The Monetary Policy Committee (MPC) of the Reserve Bank of India (RBI) in its December review meeting has unanimously decided to keep the policy repo rate unchanged at 6.5 per cent, thus maintaining status quo for the fifth straight time. Deliberating the policy statement on December 8, RBI Governor Shaktikanta Das attributed declining inflation as the reason behind the status quo. Taking into account the economic factors, the MPC has predicted GDP growth at 7 per cent in FY24. As regards the inflation rate, the MPC forecast was 5.4 per cent for 2023-24 taking into account the various domestic issues, including potential agricultural produce.
The repo rate is the rate of interest at which RBI lends to other banks. The RBI typically conducts six bimonthly meetings in a financial year, where it deliberates interest rates, money supply, inflation outlook, and various macroeconomic indicators. For the fourth straight occasion, the monetary policy committee, through its October review meeting, unanimously decided to keep the policy repo rate unchanged at 6.5 per cent, thus maintaining the status quo. In its past four meetings, it held the repo rate unchanged at 6.5 per cent.
A relative decline in inflation, barring the latest spike, and its potential for further decline may have prompted the central bank to put the brake on the key interest rate. Inflation has been a concern for many countries, including advanced economies, but India has largely managed to steer its inflation trajectory quite well. Barring the latest pauses, the RBI raised the repo rate by 250 basis points cumulatively to 6.5 per cent since May 2022 in the fight against inflation. Raising interest rates is a monetary policy instrument that typically helps suppress demand in the economy, thereby helping the inflation rate decline.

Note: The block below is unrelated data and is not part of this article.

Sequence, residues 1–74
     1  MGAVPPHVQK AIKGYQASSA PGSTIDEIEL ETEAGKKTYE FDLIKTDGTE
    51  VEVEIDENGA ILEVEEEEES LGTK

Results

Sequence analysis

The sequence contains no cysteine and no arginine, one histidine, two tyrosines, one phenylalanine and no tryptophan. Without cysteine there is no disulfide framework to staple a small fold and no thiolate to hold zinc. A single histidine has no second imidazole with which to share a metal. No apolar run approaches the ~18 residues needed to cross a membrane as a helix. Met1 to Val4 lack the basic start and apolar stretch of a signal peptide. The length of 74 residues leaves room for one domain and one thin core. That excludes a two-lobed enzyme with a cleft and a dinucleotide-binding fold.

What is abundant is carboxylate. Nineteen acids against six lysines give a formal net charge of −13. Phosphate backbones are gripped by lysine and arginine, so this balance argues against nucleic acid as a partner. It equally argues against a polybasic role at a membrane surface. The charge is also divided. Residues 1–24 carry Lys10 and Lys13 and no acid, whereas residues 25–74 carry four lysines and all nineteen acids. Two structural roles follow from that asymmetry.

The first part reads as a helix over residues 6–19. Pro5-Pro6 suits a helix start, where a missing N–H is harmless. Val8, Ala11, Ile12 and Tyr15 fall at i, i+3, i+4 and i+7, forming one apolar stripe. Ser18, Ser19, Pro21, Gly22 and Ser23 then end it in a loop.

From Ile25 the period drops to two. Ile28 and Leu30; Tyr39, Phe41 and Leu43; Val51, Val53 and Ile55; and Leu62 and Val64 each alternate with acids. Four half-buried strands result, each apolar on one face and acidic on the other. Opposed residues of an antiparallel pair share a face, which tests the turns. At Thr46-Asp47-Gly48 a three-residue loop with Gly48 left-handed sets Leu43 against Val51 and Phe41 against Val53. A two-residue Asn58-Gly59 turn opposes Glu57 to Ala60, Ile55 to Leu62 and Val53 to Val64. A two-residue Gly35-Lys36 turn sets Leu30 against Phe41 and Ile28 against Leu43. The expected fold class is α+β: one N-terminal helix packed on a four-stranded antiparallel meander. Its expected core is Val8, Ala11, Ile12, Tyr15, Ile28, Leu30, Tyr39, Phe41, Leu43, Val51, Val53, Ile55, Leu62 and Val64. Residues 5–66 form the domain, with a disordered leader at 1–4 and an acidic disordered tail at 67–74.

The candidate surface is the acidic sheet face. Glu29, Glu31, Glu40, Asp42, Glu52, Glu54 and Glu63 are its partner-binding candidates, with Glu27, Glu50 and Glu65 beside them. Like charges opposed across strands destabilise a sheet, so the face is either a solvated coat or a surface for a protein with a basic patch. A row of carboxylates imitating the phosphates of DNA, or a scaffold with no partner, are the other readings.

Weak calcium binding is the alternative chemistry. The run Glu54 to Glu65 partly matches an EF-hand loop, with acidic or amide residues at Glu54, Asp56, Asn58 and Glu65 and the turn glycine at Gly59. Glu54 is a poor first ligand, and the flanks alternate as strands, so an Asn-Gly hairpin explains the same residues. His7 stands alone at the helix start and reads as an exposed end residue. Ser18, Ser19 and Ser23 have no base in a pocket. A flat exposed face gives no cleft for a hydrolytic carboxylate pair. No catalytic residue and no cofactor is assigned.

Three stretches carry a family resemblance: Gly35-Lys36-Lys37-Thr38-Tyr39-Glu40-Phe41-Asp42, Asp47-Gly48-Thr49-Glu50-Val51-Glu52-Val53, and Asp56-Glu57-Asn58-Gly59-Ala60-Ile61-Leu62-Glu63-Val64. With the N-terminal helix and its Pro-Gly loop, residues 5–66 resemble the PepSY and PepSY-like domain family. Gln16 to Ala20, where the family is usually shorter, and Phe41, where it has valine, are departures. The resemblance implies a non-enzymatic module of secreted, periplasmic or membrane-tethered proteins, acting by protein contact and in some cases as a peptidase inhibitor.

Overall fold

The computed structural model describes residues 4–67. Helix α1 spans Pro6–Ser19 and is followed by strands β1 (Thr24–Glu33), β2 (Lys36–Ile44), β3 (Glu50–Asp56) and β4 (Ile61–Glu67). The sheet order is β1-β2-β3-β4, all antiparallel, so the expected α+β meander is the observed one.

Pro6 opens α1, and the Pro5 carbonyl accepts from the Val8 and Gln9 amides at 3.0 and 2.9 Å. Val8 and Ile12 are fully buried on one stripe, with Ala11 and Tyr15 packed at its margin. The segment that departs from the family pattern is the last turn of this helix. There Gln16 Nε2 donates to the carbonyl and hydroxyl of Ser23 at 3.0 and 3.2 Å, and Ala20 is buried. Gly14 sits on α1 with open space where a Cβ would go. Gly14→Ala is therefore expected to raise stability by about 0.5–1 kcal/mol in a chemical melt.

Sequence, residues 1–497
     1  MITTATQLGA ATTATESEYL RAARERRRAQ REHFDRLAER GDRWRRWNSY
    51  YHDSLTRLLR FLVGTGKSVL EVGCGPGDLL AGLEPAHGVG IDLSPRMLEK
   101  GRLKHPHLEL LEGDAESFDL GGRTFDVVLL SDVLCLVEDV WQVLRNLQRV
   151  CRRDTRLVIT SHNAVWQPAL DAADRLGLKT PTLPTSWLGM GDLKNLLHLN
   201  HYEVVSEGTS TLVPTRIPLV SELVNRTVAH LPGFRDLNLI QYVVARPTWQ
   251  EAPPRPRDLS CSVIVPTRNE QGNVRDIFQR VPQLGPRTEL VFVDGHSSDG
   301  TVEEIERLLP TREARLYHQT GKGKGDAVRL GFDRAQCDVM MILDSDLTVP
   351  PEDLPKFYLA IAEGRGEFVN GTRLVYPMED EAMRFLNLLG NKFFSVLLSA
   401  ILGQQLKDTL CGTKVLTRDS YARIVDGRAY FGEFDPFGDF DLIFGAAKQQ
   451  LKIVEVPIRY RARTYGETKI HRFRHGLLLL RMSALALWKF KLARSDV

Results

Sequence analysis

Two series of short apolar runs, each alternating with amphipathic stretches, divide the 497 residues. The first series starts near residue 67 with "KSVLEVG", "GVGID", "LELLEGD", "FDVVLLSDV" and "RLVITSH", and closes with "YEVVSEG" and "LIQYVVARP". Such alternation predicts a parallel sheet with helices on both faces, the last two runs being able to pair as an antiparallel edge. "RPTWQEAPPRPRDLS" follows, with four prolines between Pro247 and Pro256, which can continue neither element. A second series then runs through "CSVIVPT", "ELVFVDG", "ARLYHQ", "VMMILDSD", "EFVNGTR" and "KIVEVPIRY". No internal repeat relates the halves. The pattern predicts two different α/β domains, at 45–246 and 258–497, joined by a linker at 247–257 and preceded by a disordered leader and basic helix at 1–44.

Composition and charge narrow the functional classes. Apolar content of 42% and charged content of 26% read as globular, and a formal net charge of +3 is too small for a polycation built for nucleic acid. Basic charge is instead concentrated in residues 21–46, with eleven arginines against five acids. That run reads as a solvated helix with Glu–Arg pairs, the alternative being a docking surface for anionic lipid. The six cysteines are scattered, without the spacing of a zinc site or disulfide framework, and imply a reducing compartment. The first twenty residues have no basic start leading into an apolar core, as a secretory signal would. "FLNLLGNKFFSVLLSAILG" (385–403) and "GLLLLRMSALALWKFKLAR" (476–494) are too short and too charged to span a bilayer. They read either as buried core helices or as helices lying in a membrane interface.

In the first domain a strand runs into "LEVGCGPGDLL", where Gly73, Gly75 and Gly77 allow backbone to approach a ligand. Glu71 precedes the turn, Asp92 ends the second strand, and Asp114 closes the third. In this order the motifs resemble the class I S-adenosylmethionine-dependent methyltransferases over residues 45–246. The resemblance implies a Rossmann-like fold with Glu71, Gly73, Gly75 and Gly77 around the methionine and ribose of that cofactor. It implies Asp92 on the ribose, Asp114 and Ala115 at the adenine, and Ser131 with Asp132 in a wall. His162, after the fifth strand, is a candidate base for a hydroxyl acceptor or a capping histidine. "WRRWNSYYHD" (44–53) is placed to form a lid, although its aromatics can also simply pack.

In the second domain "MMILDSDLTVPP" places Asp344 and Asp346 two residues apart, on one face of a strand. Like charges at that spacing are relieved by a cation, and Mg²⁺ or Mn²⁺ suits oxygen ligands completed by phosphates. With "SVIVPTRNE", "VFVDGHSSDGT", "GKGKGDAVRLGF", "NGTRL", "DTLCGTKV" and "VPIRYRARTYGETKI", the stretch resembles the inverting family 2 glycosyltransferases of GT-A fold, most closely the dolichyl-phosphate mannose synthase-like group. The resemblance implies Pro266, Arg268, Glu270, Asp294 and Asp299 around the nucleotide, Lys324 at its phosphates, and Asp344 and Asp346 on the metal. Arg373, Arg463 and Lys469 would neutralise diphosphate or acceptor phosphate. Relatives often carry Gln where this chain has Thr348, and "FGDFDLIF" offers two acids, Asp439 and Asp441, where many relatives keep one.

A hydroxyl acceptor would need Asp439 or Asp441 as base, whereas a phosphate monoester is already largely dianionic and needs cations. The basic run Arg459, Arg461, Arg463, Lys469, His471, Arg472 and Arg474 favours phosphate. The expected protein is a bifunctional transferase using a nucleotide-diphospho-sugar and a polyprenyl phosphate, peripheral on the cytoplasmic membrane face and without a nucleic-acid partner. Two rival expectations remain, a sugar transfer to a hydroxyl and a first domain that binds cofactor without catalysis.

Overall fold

The latest monetary policy statement of RBI had a lesser hawkish undertone compared to the preceding October statement. Clearly, RBI is more optimistic on the domestic growth prospects after the release of GDP data for the second quarter which placed GDP growth for H1 at 7.7 per cent year-on-year. The upward revision of the GDP growth forecast for FY24 to 7 per cent, coupled with the absence of any reference to future OMO (open market operations) sales, represents a favourable development for both the economy and the markets.
So the intensity of hawkishness in the RBI policy statement has clearly subsided and a balance has been brought in. On inflation, despite risks on account of patchy perishables, the MPC outlook is unchanged at 5.4 per cent for FY24. The rate cut perhaps may happen during the first quarter of FY25 which would be data dependent. However, it is crucial to remain attentive to certain underlying factors that can increase economic headwinds. Following the projected contraction in Kharif production, close monitoring of the progress in rabi sowing is imperative, particularly in light of lower reservoir levels in certain regions.